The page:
Housley would bounce around the next several seasons, playing one and a half seasons in Calgary and a handful of games in New Jersey before signing with Washington as a free agent in 1996. He would make his only Stanley Cup finals appearance as a Capital in 1998.

After declining production in Washington, Housley would be plucked off waivers by Calgary for the 1998-99 season, where his production would bounce back with seasons of 54 and 55 points. Prior to 2001-02 he would be claimed off waivers again, this time by Chicago, playing almost two seasons with the Hawks before a trade deadline deal to Toronto in 2002-03. He would appear in one regular season and three playoff games as a Leaf before retiring.

In total Housley played 21 seasons in the NHL, appearing in 1495 games, scoring 338 goals and 1232 points. He was the highest scoring US born player until he was surpassed by Mike Modano, and currently ranks fourth all-time in scoring by a defenceman and 23rd all-time in games played. He played in seven All-Star games and was elected to the Hockey Hall of Fame in 2015.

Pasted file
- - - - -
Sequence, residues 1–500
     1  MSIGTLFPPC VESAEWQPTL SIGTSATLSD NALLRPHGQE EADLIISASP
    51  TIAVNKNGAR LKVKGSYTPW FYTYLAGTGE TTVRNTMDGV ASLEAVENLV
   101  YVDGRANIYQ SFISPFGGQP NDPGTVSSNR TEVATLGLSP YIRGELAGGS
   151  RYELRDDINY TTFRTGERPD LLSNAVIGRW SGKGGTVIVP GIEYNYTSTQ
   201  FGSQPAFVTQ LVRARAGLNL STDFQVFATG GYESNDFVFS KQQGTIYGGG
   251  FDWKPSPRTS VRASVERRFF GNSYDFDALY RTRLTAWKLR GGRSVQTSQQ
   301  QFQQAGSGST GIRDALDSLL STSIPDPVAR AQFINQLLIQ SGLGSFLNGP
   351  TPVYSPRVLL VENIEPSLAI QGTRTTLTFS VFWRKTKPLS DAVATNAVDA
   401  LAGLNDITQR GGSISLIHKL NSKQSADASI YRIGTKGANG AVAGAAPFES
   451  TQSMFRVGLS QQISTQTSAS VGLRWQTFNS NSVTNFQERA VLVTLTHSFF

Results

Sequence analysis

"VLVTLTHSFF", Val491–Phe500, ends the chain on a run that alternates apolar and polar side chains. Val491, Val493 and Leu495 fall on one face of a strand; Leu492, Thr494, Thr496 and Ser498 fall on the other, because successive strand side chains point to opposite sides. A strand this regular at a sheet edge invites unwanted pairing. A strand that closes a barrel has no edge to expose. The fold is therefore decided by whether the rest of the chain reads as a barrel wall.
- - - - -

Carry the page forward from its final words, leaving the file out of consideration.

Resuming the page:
Shortly after retirement he began coaching high school hockey in his native Minnesota and coached the US World Junior team in 2013, winning a gold medal. He was an assistant coach in Nashville and head coach of Buffalo from 2017-2019. He is currently an assistant coach with Arizona.

YouTube clip: scoring a short-handed goal against Quebec while Buffalo was down 5 on 3.